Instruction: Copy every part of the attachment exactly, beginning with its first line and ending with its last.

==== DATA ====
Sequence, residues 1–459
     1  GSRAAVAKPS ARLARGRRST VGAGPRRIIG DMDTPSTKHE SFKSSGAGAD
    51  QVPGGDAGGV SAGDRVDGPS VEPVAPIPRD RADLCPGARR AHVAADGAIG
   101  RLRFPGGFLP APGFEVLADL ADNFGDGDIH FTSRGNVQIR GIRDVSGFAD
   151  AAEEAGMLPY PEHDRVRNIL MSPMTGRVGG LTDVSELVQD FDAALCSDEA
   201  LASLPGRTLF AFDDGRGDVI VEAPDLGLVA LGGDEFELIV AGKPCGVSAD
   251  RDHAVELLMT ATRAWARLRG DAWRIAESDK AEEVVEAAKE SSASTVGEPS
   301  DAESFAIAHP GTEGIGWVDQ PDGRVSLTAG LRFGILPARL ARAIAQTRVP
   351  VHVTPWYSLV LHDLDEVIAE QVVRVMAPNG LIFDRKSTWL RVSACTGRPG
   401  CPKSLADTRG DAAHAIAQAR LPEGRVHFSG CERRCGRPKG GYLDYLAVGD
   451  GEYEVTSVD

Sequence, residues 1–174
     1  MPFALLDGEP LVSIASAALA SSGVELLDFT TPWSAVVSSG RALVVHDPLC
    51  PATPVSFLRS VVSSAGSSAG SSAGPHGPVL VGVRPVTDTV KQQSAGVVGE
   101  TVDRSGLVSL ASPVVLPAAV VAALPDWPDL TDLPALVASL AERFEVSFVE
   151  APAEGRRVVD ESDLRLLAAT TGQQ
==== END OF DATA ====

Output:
Sequence, residues 1–459
     1  GSRAAVAKPS ARLARGRRST VGAGPRRIIG DMDTPSTKHE SFKSSGAGAD
    51  QVPGGDAGGV SAGDRVDGPS VEPVAPIPRD RADLCPGARR AHVAADGAIG
   101  RLRFPGGFLP APGFEVLADL ADNFGDGDIH FTSRGNVQIR GIRDVSGFAD
   151  AAEEAGMLPY PEHDRVRNIL MSPMTGRVGG LTDVSELVQD FDAALCSDEA
   201  LASLPGRTLF AFDDGRGDVI VEAPDLGLVA LGGDEFELIV AGKPCGVSAD
   251  RDHAVELLMT ATRAWARLRG DAWRIAESDK AEEVVEAAKE SSASTVGEPS
   301  DAESFAIAHP GTEGIGWVDQ PDGRVSLTAG LRFGILPARL ARAIAQTRVP
   351  VHVTPWYSLV LHDLDEVIAE QVVRVMAPNG LIFDRKSTWL RVSACTGRPG
   401  CPKSLADTRG DAAHAIAQAR LPEGRVHFSG CERRCGRPKG GYLDYLAVGD
   451  GEYEVTSVD

Sequence, residues 1–174
     1  MPFALLDGEP LVSIASAALA SSGVELLDFT TPWSAVVSSG RALVVHDPLC
    51  PATPVSFLRS VVSSAGSSAG SSAGPHGPVL VGVRPVTDTV KQQSAGVVGE
   101  TVDRSGLVSL ASPVVLPAAV VAALPDWPDL TDLPALVASL AERFEVSFVE
   151  APAEGRRVVD ESDLRLLAAT TGQQ